Type of Thesis
Assistant Professor: Adrian J. Shin
Associate Professor: Jennifer Fitzgerald
Instructor: Jason Potter
Why do some regimes survive while others fail? Conventional literature emphasizes the impact that a country’s institutional structure and resource-wealth has on its political stability. My research investigates the institutional structures of two states, Venezuela, and Trinidad and Tobago, under the period of colonization. The model looks at the distinct tactics and decisions utilized by different colonial powers. These decisions created contrasting institutional structures in the two countries. The institutional structures either benefitted or constrained domestic actors, altering the likelihood that measures of constitutional change or institutional overthrow would occur. The model controls for resource-wealth in order to uncover the mechanisms that facilitate political stability in resource-rich environments. The findings suggest that an inclusive institutional structure is more likely to be formed when a colonial power settles in a colony and incentivizes migration. In periods before and after independence, domestic actors were less likely to overthrow the institutional structure when the colonial power established a degree of institutional performance. The impact that resource-wealth has on political stability is most significant when constitutional consolidation is allowed. In conclusion, colonial institutions precede domestic alterations and as a result, certain alterations become more likely than others.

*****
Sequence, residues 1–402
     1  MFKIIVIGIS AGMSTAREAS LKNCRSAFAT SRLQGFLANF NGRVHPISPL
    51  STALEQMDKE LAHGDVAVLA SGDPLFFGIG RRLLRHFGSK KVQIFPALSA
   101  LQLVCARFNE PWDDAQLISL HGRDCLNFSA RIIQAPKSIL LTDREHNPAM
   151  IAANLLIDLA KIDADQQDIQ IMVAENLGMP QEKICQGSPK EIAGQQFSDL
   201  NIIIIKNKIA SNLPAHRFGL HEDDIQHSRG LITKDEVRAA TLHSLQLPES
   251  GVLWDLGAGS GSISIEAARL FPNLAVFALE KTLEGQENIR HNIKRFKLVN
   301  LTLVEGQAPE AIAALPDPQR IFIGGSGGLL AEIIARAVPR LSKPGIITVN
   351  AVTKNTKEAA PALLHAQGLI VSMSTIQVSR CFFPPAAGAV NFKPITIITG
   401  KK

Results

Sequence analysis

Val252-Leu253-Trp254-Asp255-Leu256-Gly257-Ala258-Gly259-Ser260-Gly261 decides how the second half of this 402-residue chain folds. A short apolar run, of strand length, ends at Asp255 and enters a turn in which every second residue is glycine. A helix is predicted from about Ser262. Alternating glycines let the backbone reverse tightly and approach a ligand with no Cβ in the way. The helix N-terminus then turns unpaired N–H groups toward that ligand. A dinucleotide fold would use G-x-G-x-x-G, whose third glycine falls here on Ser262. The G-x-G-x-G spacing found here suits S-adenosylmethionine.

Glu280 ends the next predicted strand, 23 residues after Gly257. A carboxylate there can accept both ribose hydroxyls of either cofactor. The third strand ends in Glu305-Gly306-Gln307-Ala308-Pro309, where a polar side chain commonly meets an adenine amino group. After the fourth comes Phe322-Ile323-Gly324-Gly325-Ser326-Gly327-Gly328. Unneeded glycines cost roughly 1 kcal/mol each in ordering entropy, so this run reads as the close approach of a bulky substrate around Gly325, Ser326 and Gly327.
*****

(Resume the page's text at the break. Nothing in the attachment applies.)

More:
Pingatore, Ross Carmine, "Why Do Resource-Rich Transitional Democracies have Different Rates of Political Stability?" (2019). Undergraduate Honors Theses. 1811.